Love is the answer
The week of Valentine’s Day I was planning on writing an editorial for the Saturday edition about love and what it means to me.
But on Valentine’s Day itself a young man filled with hate walked into a school in Parkland, Fla., and murdered 17 people and my heart broke and I couldn’t bring myself to write the words I had intended to write.
But having listened to the national discourse on the matter for the past two weeks, I have some things I need to say.
First of all, ENOUGH IS ENOUGH! Why does this keep happening?
People who do not like guns will say that these kinds of things do not happen in Europe because no one there has guns. But I’m afraid it is not so simple.
Sweden, for example, according to gunpolicy.org ranks 10th in gun ownership in the world (the U.S. is first), and yet the US has a gun violence rate 700 times that of Sweden’s.
I think we need to look at the culture of our society rather than focusing so hard on the tools which are used to commit these atrocities.
I think we need to admit our culture is ill.
This world is a very confusing place offering up a wide variety of often conflicting ideas. Many people have a rough time navigating this maze, young folks especially so. People who seek help are treated as weak and broken. Many folks’ primary concern is themselves. And if we don’t get it our way, right away the natural thing is to become violent, right? Instead of “United We Stand,” we are becoming more and more “Don’t Tread on Me.” And if you do tread on me, be ready to get bit!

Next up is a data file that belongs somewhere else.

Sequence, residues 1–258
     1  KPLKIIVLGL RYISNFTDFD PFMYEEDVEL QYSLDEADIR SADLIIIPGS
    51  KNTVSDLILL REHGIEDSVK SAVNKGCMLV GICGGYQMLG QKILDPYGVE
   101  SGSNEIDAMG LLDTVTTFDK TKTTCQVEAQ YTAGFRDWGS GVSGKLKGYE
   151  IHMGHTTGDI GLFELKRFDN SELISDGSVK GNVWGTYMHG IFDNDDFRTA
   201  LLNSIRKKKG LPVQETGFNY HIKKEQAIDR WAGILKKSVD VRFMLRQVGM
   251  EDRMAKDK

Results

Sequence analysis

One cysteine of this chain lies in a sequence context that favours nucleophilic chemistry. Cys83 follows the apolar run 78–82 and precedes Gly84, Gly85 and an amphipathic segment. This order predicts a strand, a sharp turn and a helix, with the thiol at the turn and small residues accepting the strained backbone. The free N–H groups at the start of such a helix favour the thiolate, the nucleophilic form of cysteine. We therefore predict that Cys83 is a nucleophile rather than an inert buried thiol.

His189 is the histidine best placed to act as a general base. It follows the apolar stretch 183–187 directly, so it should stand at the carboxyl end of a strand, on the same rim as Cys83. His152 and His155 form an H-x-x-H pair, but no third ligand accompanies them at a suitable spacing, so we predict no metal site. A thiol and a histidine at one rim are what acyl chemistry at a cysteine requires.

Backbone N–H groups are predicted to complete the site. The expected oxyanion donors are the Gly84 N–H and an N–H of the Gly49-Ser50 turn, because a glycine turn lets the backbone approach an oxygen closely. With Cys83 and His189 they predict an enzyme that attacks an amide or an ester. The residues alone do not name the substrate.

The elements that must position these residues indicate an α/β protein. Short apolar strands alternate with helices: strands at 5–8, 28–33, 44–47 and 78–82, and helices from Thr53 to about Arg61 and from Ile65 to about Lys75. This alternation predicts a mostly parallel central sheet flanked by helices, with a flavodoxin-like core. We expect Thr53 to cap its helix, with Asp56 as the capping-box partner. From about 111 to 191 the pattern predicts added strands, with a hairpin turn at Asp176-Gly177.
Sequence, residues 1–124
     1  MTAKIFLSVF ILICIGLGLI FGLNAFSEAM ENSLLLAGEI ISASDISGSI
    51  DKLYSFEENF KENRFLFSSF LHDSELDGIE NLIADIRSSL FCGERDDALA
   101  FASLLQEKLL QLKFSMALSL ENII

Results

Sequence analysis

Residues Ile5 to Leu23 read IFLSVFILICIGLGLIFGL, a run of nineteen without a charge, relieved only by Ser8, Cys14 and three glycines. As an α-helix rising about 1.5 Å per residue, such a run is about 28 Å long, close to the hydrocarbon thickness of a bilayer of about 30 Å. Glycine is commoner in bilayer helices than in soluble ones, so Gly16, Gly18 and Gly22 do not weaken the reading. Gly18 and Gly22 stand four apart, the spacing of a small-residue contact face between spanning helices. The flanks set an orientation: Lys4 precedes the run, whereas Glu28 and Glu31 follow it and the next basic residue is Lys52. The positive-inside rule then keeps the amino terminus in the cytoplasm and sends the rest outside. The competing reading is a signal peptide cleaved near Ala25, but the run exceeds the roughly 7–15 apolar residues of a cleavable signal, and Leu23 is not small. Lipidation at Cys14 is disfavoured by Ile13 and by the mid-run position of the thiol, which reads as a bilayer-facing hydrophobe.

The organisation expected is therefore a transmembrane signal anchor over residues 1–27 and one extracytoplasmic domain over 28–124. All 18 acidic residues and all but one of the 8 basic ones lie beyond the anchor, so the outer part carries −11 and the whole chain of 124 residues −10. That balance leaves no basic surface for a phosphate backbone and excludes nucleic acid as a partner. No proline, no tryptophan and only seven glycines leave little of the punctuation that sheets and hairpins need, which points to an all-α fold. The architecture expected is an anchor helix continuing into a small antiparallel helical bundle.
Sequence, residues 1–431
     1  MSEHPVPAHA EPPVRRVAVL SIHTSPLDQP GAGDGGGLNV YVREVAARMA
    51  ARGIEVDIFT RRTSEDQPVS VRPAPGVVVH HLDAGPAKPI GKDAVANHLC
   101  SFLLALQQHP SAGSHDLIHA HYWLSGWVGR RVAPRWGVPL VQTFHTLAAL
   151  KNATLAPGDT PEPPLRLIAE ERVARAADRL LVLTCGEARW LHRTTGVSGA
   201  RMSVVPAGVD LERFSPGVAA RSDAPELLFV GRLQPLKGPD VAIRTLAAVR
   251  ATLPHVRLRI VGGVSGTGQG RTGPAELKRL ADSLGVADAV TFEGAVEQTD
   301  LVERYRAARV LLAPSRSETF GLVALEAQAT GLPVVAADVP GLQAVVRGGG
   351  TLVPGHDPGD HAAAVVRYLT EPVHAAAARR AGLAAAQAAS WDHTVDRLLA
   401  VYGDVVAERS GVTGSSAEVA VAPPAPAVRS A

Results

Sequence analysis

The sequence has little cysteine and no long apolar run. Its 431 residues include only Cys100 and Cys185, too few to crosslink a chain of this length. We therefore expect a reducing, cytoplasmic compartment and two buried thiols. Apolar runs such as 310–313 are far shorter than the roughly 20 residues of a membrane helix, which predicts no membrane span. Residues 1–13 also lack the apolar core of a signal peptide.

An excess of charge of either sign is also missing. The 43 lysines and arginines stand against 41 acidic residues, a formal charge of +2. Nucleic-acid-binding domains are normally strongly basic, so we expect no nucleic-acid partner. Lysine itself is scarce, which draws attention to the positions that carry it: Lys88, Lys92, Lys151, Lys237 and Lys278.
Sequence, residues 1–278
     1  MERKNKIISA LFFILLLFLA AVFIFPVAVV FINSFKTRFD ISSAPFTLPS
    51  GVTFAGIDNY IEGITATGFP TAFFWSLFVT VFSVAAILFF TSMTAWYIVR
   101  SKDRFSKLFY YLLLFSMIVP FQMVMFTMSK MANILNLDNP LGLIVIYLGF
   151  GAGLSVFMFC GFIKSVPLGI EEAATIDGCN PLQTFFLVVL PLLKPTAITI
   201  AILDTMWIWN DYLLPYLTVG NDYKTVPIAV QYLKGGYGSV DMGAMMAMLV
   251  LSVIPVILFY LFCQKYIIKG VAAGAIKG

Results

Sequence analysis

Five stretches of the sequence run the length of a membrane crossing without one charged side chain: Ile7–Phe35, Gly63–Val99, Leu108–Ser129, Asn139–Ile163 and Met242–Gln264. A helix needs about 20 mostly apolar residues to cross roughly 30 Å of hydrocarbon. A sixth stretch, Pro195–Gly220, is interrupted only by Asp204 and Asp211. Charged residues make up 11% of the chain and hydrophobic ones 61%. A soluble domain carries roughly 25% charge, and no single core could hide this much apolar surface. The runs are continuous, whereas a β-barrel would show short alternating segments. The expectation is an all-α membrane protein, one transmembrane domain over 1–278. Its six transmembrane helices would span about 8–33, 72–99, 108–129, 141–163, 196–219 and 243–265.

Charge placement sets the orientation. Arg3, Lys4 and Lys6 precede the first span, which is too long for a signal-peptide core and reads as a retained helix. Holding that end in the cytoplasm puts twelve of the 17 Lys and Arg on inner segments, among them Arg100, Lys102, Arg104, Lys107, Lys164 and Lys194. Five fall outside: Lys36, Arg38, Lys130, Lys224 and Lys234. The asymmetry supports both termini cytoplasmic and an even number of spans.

So what is the solution to this problem?
Pro-gun individuals are calling for arming the teachers in schools.
But the image which comes to mind when I think of that possibility is the ancient technique of blood-letting. The act of bleeding an individual in the belief that would cure them of their sickness.
Wikipedia states: “In the overwhelming majority of cases, the historical use of bloodletting was harmful to patients.” And there is little doubt in my mind, the arming of teachers would prove to be just as harmful.
Just as doctors have learned to treat a person’s illness in order to heal them, we need to get real about what ails our society.
How do we do that? I have no idea. But I know it starts with love.
And what is love?
I hold what the New Testament says about love very close to my heart.
Jesus said in John 15:13, “Greater love hath no man than this, that a man lay down his life for his friends.”
So love is sacrifice. But he also says in Matthew 5:46, “If you love only those who love you, what reward is there for that? Even corrupt tax collectors do that much.” (NLT).
So not just sacrificing for those you like, but even for those you don’t? Jesus went on to demonstrate this concept when he laid down his life for those who hated him.
It’s a tough thing. I wish I could say I lived it as much as I believe it, but I can’t.
But can you imagine? What if we all started living lives full of love?
If we did, do you think there would be so much hurt, pain and frustration in this world leading to so much anger and hatred as to spawn what happened in Florida?
I don’t think so.
I’ll end here with my number one favorite Bible verse of all time: “Anyone who loves is a child of God and knows God.” 1 John 4:7b (NLT).